The following Carleton Ravens season was then cancelled due to the COVID-19 pandemic, and without a season to play, Melique Straker wanted to become better in football, and he wanted to take advantage of the time he had to make something out of nothing. That following summer Straker went to Tuscaloosa, Alabama to spend time and train with good friend John Metchie at the University of Alabama. He was able to train, workout, eat and be around the Crimson Tide facilities as if he was on the team, to a point where players forgot he wasn’t on the team when it came time for the staff at Alabama to help him through the recruiting process to play division one football. Talking about the time in Alabama, and how he landed the opportunity at Arkansas State University, Straker told Zlomislic, “I was around the team a lot. And it was a great experience to be around that program with (John) Metchie and my brothers. When I was there the coaches took a liking to me, really seeing a kid with a dream, a kid with aspirations and a kid that can play ball. They ended up getting some good film of me when I was there and started sending it off to other coaches and schools around the country, and when Butch Jones at Arkansas State saw my film and some other coaches, they wanted to see me in for a workout.” A few combine activities and drills later the name Melique Straker was officially affiliated with Arkansas State University.
In just one of his first games at Arkansas State, he made a big impact, making 6 tackles against power five opponent University of Washington, which was then followed by another 44 tackles over the season, giving him a total 50 tackles in his first division one football season, alongside 3 tackles for loss and a fumble.
That season for Straker, despite it being a huge moment for him didn’t seem like a ” ‘I’ve made it’ moment” he said because, “I was already there.” explaining, “even when I was in the process and working out that summer I was mentally already there. I was working like I was, and even if I wasn’t there at that moment I knew I was going to (be there).”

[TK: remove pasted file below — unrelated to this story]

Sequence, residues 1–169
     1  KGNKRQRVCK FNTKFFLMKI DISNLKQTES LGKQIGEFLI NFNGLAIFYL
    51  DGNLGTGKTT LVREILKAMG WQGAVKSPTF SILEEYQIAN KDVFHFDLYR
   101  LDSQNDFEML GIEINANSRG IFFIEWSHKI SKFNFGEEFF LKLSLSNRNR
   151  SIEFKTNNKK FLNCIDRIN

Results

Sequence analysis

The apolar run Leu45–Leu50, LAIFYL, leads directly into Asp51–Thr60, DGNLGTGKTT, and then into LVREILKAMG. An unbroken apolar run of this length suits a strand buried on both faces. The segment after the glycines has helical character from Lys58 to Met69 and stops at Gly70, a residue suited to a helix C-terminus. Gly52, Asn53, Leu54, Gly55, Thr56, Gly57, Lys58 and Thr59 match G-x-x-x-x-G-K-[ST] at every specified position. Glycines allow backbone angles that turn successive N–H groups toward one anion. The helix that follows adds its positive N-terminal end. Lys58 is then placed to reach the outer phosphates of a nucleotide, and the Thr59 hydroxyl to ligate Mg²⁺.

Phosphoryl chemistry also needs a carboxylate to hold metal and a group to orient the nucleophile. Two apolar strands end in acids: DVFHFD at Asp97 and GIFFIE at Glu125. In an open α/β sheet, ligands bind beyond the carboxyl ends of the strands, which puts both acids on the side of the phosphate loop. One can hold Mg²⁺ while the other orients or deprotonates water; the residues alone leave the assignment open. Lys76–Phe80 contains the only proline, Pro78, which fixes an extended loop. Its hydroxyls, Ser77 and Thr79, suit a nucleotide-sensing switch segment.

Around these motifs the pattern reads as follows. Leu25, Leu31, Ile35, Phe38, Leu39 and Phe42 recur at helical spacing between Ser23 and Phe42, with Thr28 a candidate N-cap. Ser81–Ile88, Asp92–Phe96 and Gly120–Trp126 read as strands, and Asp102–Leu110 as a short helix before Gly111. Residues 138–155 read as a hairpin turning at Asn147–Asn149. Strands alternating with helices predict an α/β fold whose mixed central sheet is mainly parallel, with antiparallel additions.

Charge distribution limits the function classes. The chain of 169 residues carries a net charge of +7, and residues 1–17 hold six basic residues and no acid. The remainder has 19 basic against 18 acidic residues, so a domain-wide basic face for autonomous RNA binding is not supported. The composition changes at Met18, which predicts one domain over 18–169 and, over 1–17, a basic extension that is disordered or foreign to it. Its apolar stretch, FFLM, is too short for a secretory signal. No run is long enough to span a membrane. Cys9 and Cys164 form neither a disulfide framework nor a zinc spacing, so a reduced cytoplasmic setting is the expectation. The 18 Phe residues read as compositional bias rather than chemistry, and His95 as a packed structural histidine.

At that stage, playing division one football, fulfilling his dreams, he is taking full advantage of what he has in front of him and the journey he has taken will only help him on and off of the football field moving forward in his career and life. Talking about that journey; playing for three high schools, going to University in Canada, spending a summer in Alabama, and making it to Arkansas State he said, “it’s taught me to be emotionally resilient, to emotional resolve and allowed me to have a standard of performance, of things I do over how I feel and thats something that allows me to say that I’ve learned, I have made it farther. With this emotional resiliency, times are tough, you can be in practice and something doesn’t go your way, you could be in a game and things don’t go your way but life is all about how you respond so I think that football itself is a microcosm of life so the better you are at the game in controlling your emotions, doing your job, being consistent, having a staggered performance day in and day out, thats the biggest thing I’ve learned and will continue to learn throughout the journey and in football.”
Being at Arkansas State, he did talk more about just being there in the moment with a full season of eligibility following the 2022 season. He said, “I’ve learned to try and base yourself in gratitude as well so like as all of this is happening and moving so fast at times you have to re-set yourself sometimes and remember there was a time where you were and now there’s a time where I prayed to be at so I think thats on elf the biggest thing, now that you’re here, also being grateful for it.”
Grateful for everything that he has, and what he is still in the process of getting, Melique Straker has 6 games left in his 2022 season, and with the NFL on the mind and in the picture, expect nothing but greatness from number 21 for the Red Wolves moving forward.